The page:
Google and Mozilla have patched a zero-day exploit in Chrome and Firefox, respectively. The zero-day exploit was being used by a commercial spyware vendor. The zero-day exploit could leave users open to a heap buffer overflow, through which attackers could inject malicious code. Any software that uses VP8 encoding in libvpx or is based on Chromium (including Microsoft Edge) might be affected, not just Chrome or Firefox.
If you use Chrome, update to 117.0.5938.132 when it becomes available; Google Chrome says it may take “days/weeks” for all users to see the update. In Firefox, the exploit is patched in Firefox 118.0.1, Firefox ESR 115.3.1, Firefox Focus for Android 118.1 and Firefox for Android 118.1.
- This zero-day vulnerability originates in libvpx library
- What can IT teams do to keep employees’ devices secure?
This zero-day vulnerability originates in libvpx library
The zero-day exploit is technically a heap buffer overflow in VP8 encoding in libvpx, which is a video code library developed by Google and the Alliance for Open Media. It is widely used to encode or decode videos in the VP8 and VP9 video coding formats.
“Specific handling of an attacker-controlled VP8 media stream could lead to a heap buffer overflow in the content process,” the Firefox team wrote in their security advisory.
From there, the vulnerability “allowed a remote attacker to potentially exploit heap corruption via a crafted HTML page,” said the official Common Vulnerabilities and Exposures site.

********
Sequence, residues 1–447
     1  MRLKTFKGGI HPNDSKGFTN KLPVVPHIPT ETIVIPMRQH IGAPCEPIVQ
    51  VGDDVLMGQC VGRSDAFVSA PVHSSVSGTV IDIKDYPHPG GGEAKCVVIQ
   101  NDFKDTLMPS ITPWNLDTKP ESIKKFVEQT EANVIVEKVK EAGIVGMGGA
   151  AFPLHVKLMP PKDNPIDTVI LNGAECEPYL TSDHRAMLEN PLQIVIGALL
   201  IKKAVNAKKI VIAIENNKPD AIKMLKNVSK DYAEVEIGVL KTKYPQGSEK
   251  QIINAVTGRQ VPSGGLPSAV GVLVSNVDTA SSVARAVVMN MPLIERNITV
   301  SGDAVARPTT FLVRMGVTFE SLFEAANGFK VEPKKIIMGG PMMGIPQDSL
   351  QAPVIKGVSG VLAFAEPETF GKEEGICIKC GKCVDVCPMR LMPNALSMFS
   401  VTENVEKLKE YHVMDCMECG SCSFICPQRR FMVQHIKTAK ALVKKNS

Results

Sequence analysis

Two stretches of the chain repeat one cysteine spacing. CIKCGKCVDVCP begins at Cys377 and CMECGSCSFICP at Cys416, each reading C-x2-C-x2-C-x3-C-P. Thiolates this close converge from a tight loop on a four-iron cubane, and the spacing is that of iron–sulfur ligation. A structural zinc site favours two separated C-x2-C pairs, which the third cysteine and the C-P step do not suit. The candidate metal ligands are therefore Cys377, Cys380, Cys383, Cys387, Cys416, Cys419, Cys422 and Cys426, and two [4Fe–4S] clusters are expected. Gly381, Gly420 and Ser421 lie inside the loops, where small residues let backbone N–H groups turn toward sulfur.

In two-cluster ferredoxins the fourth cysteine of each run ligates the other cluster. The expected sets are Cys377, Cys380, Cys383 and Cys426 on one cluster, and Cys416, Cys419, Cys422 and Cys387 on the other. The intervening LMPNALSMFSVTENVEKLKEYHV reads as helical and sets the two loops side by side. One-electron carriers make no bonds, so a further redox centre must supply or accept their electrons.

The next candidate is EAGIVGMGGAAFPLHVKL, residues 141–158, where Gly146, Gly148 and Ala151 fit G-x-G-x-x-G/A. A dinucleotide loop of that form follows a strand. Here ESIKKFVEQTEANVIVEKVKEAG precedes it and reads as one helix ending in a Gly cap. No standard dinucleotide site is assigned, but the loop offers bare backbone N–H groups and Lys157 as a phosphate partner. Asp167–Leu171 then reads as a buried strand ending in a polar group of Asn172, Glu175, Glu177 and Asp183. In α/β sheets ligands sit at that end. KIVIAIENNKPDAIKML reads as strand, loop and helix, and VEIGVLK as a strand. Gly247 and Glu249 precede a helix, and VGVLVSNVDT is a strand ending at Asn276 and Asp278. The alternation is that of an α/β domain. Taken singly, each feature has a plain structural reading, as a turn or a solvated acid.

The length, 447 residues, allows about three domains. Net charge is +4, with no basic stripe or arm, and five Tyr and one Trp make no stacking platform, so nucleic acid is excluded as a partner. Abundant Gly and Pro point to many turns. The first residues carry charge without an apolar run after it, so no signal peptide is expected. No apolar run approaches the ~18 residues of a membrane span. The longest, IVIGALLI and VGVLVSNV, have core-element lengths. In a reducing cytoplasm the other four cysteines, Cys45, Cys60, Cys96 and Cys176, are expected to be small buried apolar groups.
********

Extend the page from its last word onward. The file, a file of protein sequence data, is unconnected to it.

SEE: Attackers built a fake Bitwarden password manager site to deliver malware targeting Windows (TechRepublic)
The exploit is being tracked by Google as CVE-2023-5217. Clément Lecigne, a security researcher at Google’s Threat Analysis Group, found the flaw on September 25, leading to a patch on September 27.
“A commercial surveillance vendor” was actively using the exploit, researcher Maddie Stone of Google’s Threat Analysis Group noted on X.
There is not a lot more information available about the zero-day exploit at this time. “Google is aware that an exploit for CVE-2023-5217 exists in the wild,” the company wrote in the Chrome release update.
The Chrome update including the fix remediates nine other vulnerabilities.
“In this case, a browser-based exploit tied to libpvx will raise a few eyebrows as it can crash the browser and execute malicious code – at the permissions level the browser was running at,” said Rob T. Lee, chief curriculum director and head of faculty at the SANS Institute and a former technical advisor to the U.S. Department of Justice, in an email to TechRepublic. “That gives some comfort, but many exploits can do much more – including implants to allow remote access.”
What can IT teams do to keep employees’ devices secure?
IT leaders should communicate to employees that they should keep their browsers updated and remain aware of possible vulnerabilities. Another heap buffer overflow attack last week affected a variety of software using the WebP Codec, so it’s generally a good time to emphasize the importance of updates. Information on whether libvpx might be patched is not yet available, Ars Technica reported on Sept. 28.
“Implementing layered security and defense-in-depth strategies enable optimum mitigation of zero-day threats,” said Mozilla interim Head of Security John Bottoms in an email to TechRepublic.
“It is hard to prepare for organizations to prevent [zero-day exploits], similar to a decent social engineering attempt – the best you can do is shore up your logfiles and ensure that forensic evidence exists that can be traced back for months (if not years on critical systems),” said Lee. “Some tools can detect zero-days on the fly, including detections built into the operating system, but many of these sometimes degrade system performance.”
TechRepublic also reached out to Google for comment. At the time of publication, we have not received a reply.
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